Reading the Trussell Trust press release, I was not in the least bit surprised to see foodbank use had grown yet again , indicating a further record high.
Between April and September 2016, Trussell Trust foodbanks across the UK distributed 519,342 three-day emergency food supplies to people in crisis compared to 506,369 during the same period last year. 188,584 of these went to children. Neither does it surprise me that the government continue to deny any link between their welfare reform agenda and foodbank use.
Foodbank use is complex, they retort in response to evidence showing sanctions are pushing people towards foodbanks - as if this somehow justifies their existence and continual rise, year in, year out. Placing these issues firmly in the public consciousness, Ken Loach's award-winning filmI, Daniel Blake, has brought these issues to the attention of a wider audience, and documents the cruel inefficiency of state bureaucracy with remarkable clarity. The film sees carpenter Daniel recovering from a heart attack, attempting to navigate the labyrinth-like benefits system for the first time. Yet Daniel Blake is not the only one in this desperate situation.
During the research for my new book 'Hunger Pains: life inside foodbank Britain', I trained as a Trussell Trust volunteer in Stockton-on-Tees to get a full picture of how a foodbank works, who uses it, and why.
My research shows how it was common for people to have experienced significant problems with benefit sanctions and delays, which led to lengthy periods without income for themselves and their families. Now, after spending three years as a volunteer, I've met hundreds of people seeking help from the foodbank. There is no doubt that the reasons people need to use them in the first place are messy, complicated and multiple. Ill health, bereavement, relationship breakdown, substantial caring responsibilities, precarious jobs, and redundancy were significant factors.
These were often combined with harshly administered sanctions, leading to a situation where deepening struggles with mental ill-health inhibited other coping mechanisms or exacerbated wider crises, leading to a worsening of often already poor health.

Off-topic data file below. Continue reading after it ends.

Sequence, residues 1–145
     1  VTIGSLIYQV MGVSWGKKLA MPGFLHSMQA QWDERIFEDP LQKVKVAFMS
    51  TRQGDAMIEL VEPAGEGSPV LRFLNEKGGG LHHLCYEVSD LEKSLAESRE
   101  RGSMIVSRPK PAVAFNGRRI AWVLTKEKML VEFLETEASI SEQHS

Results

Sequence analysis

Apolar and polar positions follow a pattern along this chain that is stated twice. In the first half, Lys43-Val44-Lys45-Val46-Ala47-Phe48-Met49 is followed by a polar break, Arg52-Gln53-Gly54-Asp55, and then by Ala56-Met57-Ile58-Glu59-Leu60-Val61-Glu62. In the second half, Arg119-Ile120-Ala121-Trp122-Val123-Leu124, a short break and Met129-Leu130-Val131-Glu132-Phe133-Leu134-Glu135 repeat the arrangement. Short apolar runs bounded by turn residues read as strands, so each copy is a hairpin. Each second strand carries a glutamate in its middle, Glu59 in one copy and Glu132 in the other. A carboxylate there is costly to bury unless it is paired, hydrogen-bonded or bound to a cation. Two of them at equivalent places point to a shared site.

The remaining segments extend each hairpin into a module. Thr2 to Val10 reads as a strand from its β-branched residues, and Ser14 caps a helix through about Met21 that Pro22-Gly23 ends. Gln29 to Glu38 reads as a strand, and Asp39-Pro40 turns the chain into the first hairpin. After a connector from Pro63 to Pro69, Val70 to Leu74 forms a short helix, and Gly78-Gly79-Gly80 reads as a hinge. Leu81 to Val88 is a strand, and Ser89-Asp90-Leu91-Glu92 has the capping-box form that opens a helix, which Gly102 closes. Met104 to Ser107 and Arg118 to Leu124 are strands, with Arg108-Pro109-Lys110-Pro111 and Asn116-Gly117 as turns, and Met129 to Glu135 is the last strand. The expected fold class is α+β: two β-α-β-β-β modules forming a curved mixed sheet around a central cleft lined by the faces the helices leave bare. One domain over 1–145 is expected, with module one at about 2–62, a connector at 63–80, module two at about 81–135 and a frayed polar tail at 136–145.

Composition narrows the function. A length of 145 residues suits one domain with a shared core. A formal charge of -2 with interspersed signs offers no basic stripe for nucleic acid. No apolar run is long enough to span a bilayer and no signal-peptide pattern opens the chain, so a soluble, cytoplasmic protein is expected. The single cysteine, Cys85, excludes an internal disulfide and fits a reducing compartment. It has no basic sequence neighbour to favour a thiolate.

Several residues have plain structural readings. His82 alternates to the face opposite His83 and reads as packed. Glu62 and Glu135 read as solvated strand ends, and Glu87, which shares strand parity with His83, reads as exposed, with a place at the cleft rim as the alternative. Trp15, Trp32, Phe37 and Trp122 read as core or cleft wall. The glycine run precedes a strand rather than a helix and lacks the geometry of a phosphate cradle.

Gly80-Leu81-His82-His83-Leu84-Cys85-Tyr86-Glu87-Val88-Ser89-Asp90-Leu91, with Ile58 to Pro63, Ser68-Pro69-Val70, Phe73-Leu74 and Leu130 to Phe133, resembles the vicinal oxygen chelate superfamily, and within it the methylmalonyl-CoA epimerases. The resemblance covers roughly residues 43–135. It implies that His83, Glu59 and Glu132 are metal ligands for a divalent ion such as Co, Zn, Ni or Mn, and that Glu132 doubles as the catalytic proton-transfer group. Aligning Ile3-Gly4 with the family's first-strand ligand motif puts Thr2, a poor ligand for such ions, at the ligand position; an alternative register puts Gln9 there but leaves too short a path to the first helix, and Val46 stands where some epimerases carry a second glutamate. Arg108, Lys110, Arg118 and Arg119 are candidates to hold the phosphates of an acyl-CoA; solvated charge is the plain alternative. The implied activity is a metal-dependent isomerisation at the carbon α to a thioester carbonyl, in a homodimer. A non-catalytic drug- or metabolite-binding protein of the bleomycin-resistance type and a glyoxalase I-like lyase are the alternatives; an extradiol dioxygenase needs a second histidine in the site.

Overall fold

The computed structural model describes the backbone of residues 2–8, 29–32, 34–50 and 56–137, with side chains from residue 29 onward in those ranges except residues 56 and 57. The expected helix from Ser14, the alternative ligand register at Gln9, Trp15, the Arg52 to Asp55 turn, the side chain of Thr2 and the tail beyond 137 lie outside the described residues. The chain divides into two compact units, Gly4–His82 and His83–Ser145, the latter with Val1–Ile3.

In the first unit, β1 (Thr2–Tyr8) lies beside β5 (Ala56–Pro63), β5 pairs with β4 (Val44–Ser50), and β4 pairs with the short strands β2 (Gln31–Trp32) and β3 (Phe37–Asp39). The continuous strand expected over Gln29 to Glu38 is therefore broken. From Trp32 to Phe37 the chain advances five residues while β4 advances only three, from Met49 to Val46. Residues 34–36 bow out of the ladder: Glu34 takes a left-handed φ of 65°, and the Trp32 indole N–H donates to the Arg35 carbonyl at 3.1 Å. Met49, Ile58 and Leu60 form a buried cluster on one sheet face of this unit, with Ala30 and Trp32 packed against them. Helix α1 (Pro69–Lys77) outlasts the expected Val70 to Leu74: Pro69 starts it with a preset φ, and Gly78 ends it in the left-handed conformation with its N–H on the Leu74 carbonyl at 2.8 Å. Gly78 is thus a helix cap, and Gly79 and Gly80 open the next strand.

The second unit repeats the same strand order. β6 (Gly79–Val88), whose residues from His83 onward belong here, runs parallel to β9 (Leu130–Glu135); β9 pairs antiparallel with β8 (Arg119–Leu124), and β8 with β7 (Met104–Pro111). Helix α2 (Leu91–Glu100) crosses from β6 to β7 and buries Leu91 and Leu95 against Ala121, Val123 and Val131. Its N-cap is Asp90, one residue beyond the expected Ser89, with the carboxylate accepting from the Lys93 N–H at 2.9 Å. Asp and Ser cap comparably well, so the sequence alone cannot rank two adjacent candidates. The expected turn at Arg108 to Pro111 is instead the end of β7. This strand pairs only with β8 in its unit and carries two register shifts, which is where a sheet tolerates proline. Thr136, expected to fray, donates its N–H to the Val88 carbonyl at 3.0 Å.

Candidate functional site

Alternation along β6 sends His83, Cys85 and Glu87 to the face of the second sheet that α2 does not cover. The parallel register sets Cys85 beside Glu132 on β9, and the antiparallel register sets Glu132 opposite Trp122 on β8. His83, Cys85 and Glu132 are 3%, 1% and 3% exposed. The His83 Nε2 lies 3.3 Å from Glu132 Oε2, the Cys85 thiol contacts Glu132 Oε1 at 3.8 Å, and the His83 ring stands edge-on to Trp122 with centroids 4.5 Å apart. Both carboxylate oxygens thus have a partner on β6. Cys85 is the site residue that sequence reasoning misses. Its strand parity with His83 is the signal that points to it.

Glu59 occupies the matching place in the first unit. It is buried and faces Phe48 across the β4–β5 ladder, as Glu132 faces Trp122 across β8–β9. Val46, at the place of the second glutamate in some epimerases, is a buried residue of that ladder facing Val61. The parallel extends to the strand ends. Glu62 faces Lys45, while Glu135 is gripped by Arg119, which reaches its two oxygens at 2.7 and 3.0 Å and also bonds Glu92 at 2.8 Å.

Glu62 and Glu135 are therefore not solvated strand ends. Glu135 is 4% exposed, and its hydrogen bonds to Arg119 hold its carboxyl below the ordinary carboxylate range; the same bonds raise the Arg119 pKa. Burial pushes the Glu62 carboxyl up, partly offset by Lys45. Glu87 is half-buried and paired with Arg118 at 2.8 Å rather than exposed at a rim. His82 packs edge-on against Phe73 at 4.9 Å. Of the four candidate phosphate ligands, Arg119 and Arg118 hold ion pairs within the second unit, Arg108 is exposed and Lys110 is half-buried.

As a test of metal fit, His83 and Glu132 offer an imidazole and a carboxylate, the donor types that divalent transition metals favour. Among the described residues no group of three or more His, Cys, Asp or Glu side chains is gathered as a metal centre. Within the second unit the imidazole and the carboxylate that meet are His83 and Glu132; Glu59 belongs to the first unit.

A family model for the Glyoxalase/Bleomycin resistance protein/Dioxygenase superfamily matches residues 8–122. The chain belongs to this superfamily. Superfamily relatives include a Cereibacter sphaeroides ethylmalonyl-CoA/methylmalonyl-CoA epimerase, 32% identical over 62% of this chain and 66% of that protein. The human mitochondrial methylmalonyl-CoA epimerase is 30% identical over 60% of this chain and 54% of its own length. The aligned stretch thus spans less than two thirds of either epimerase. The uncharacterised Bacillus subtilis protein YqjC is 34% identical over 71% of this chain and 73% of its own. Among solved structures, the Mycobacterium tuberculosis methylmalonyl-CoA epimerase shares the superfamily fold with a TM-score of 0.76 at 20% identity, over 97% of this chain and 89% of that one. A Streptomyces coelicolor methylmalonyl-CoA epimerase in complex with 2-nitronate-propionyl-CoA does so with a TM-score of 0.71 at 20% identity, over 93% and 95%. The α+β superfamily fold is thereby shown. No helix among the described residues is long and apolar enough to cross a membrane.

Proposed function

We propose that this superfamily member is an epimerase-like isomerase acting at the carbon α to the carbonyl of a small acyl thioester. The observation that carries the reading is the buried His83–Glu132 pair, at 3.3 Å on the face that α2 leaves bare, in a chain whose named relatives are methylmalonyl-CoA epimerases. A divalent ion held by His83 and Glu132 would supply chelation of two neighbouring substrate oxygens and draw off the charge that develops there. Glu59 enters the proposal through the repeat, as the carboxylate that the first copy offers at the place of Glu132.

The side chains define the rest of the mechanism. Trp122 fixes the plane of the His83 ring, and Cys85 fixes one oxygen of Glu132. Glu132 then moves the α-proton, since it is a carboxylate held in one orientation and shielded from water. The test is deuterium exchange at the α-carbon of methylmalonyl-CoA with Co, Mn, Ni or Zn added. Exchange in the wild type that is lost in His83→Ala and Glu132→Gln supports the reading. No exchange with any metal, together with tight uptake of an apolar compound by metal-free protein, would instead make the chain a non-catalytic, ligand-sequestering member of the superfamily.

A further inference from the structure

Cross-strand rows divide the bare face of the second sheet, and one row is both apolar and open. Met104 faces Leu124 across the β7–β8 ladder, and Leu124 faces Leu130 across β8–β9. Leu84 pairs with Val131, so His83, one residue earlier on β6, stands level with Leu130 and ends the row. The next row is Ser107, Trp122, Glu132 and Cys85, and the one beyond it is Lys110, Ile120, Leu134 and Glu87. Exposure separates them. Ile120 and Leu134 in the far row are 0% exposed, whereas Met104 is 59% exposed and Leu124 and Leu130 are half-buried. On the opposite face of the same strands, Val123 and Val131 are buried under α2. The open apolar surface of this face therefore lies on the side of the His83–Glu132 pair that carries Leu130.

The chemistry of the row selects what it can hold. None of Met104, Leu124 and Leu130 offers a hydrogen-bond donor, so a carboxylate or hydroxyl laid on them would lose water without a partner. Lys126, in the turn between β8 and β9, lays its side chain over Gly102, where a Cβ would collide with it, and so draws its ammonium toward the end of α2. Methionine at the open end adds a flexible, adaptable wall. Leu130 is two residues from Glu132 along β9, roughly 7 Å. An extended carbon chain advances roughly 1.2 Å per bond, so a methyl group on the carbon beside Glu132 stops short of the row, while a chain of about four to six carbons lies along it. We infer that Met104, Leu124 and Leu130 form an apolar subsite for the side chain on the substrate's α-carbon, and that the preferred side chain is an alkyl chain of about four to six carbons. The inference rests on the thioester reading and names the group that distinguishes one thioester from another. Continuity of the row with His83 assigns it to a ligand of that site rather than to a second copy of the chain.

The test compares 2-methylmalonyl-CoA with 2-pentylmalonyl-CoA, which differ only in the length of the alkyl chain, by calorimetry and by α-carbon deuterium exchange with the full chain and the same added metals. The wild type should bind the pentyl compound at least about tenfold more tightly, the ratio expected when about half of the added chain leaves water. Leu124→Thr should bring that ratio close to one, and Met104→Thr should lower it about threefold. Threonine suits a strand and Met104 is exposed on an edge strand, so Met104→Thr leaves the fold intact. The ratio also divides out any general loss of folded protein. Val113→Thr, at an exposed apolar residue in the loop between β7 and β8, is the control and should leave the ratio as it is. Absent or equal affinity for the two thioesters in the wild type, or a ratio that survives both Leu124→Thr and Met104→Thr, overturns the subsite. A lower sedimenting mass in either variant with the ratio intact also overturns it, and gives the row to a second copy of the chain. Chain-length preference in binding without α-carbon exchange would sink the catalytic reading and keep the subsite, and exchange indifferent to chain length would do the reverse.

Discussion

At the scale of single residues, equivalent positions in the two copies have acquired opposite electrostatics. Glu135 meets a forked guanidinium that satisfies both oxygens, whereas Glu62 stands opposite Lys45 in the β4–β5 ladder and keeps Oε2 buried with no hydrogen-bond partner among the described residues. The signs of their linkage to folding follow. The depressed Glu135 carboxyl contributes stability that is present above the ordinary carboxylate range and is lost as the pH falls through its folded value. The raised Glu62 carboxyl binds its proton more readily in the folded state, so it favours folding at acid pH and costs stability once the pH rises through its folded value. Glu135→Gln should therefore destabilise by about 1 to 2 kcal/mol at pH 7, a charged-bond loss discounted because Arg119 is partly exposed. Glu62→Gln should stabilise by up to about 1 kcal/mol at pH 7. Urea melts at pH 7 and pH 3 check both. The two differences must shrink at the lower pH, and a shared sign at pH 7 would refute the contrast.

I met Janice, 46, who was receiving Jobseekers Allowance after being found fit for work, despite recently being diagnosed with depression, anxiety and arthritis. She was waiting for her Employment and Support Allowance appeal, and came to the foodbank because she'd been sanctioned. Janice explained how she was currently doing a Health and Social Care course at college. She had been sanctioned for missing her Jobcentre appointment because she was at college, on a course the Jobcentre had actually sent her on. Her 11-year-old granddaughter wanted to know why she hadn't been able to stay over for the last three weeks.
Janice told me: 'I haven't got enough food to feed myself, let alone feed her as well - how can you explain that to an 11-year-old?' Janice hadn't told her daughters how bad things had got as she didn't want them to worry. She had debts, including priority debts such as Council Tax, which meant the bailiffs were always ringing up, or coming round banging on her front door. As we sat finishing off our cups of tea, her phone rang. She looked at the number flashing up on the screen and sighed "See? I told you they always ring me up," cancelling the call, as it was the bailiffs ringing her, yet again.
Yes, foodbank use is complex, but that doesn't mean the government should dismiss evidence linking sanctions and their use. Denial only sends further people heading towards foodbank doors, and does nothing to address the serious structural problems of poverty and inequality that are becoming increasingly embedded within the social security system.
We must listen to people using foodbanks so that can we understand who they are, why they use them, and what it feels like. Only then can we start to do something about it.